Over the weekend, and especially so during the demonstration, Roy reiterated PWK's saying that "no matter how much testing on equipment is done to prove the performance of a speaker, we all live in the Real World and it is our the ears which make our decisions, no matter what the testing equipment proves to us".  So Roy put the identical voicing up front where it belongs!  Roy explained that over the years as changes in individual models were implemented, it had gotten to the point that the reliance upon testing equipment had left the concept of identical voicing behind, and he wanted to fix that!  So he did!  That was part of his tribute to PWK!

 

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8 hours ago, Dave A said:

If they did not provably do something different then the patent would not have been granted.

 

Dude!  You had me nodding my head all along 'til that part.  You're granting a bit too much credit to the patent examiners, IMO.  Witness the myriad of software patents now on the books.  Much of them not novel in the least to those who practice the art at whatever level on even a semi-regular basis.

 

One thing about the mumps I'm marginally curious about: adding them surely alters the overall expansion rate, so was that maintained via alteration of the plane curves or were they merely stuck into the corners on an otherwise unaltered horn?  ;^)

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58 minutes ago, glens said:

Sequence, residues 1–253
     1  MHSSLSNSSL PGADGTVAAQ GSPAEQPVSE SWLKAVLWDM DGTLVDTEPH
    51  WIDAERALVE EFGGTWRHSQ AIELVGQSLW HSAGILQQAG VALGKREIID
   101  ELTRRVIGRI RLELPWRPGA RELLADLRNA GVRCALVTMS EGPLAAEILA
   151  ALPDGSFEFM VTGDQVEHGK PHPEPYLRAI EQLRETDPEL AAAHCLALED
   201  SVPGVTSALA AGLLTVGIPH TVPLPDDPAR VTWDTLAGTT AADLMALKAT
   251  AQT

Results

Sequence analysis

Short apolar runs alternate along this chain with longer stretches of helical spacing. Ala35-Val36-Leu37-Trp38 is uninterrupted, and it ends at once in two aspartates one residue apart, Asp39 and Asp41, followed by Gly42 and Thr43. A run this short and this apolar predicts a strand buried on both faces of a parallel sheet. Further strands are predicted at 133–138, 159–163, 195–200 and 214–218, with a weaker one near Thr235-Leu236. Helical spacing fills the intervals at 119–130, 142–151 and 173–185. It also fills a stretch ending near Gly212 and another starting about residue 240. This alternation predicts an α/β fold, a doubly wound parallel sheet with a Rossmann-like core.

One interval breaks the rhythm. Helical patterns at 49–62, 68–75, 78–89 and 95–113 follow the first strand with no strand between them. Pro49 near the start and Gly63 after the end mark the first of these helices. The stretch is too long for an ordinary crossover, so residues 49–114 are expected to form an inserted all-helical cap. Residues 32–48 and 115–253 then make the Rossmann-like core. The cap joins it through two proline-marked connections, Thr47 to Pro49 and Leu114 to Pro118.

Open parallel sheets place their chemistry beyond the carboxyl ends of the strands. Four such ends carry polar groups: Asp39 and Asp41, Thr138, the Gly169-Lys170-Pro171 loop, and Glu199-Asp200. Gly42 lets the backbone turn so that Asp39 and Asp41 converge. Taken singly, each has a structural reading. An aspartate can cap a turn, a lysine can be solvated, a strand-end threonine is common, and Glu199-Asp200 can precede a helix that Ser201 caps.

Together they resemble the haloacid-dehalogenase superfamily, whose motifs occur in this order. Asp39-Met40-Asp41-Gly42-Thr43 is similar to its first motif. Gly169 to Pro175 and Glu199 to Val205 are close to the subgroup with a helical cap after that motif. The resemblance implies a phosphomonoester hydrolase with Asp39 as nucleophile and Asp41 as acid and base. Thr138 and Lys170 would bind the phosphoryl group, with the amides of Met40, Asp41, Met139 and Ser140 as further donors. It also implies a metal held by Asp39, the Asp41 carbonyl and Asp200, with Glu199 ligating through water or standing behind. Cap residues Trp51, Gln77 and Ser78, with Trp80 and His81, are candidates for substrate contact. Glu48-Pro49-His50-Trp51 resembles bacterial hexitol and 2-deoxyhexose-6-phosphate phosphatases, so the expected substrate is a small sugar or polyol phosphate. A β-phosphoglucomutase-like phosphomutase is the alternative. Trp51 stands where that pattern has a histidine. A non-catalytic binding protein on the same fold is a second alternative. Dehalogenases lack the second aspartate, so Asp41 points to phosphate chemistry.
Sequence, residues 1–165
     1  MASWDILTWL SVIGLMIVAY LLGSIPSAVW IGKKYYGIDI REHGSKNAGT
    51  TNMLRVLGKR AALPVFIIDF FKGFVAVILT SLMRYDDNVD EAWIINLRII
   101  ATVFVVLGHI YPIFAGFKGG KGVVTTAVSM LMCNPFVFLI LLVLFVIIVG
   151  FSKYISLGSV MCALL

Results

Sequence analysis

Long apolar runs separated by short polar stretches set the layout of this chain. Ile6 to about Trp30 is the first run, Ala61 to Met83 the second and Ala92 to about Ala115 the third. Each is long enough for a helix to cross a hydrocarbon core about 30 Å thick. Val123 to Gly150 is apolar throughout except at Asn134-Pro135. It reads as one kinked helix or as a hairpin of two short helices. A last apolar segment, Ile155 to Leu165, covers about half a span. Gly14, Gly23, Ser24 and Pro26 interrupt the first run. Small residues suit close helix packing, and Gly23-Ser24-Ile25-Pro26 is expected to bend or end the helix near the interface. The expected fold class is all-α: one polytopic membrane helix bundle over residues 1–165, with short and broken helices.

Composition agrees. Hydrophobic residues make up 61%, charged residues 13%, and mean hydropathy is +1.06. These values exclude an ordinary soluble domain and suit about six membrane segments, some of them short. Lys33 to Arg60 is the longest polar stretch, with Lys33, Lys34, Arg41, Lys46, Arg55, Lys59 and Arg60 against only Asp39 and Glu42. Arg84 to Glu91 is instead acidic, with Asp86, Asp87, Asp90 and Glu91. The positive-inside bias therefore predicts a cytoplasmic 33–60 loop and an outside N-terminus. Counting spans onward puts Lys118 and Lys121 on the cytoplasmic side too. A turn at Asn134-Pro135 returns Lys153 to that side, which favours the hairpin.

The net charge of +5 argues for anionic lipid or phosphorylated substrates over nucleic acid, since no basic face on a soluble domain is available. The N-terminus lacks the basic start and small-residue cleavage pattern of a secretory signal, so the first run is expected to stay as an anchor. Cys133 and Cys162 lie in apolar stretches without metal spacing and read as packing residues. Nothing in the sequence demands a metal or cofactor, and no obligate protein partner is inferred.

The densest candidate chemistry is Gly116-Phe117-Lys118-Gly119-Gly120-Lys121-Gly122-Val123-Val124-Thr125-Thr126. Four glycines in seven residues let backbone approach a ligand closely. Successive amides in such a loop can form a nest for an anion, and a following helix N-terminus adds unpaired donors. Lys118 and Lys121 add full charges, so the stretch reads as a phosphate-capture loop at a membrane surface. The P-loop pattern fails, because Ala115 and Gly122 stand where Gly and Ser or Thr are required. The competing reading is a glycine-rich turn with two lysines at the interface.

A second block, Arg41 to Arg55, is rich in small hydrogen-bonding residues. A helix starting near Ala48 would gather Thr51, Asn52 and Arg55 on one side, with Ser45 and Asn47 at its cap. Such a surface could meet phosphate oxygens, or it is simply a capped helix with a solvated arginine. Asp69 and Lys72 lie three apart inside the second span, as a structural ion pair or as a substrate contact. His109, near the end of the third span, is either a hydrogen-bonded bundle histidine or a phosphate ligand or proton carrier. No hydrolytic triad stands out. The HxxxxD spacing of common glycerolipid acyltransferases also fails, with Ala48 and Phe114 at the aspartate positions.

Dude!  You had me nodding my head all along 'til that part.  You're granting a bit too much credit to the patent examiners, IMO.  Witness the myriad of software patents now on the books.  Much of them not novel in the least to those who practice the art at whatever level on even a semi-regular basis.

 

One thing about the mumps I'm marginally curious about: adding them surely alters the overall expansion rate, so was that maintained via alteration of the plane curves or were they merely stuck into the corners on an otherwise unaltered horn?  ;^)

Roy ensured that his explanation of things would be readily understood by all of us, even those of us who "are not so much technically-proficient in horn designing methods" could understand what had happened.  His goal with the mumps in the Cornwall mid-horn was to improve over-all dispersion, with heavier emphasis on the horizontal dispersion by those mid-horns.  He explained how the testing measurements of even the exponential horn designs showed one thing on  the plane curves, without telling the whole story about what was going on with the tractrix horns.  So this meant that the mumps added to the Cornwall mid-horn were SPECIFIC to that particular speaker and its components in order to produce the desired results of increasing dispersion without adding in any  distortion of the waves which would have occurred without the use of those mumps specific to that particular horn lens.  Does this cover your question?